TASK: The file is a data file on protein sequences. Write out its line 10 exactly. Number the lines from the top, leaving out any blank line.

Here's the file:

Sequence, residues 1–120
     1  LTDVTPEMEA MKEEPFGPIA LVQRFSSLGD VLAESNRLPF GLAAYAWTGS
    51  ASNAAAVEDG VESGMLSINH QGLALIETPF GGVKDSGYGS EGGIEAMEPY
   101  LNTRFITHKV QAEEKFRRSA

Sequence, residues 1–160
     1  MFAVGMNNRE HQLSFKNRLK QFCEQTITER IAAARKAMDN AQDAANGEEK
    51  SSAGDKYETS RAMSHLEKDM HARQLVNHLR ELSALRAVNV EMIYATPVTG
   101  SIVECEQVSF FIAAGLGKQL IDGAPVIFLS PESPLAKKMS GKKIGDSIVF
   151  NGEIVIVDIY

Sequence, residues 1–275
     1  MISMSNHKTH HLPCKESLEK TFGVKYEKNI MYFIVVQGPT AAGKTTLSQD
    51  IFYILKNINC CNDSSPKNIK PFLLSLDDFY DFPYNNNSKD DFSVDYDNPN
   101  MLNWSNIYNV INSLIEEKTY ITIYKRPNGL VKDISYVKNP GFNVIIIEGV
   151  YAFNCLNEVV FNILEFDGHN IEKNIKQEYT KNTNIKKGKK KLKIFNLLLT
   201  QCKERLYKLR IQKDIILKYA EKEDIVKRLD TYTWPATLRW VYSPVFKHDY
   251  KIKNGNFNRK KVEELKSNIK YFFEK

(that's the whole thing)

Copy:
Sequence, residues 1–275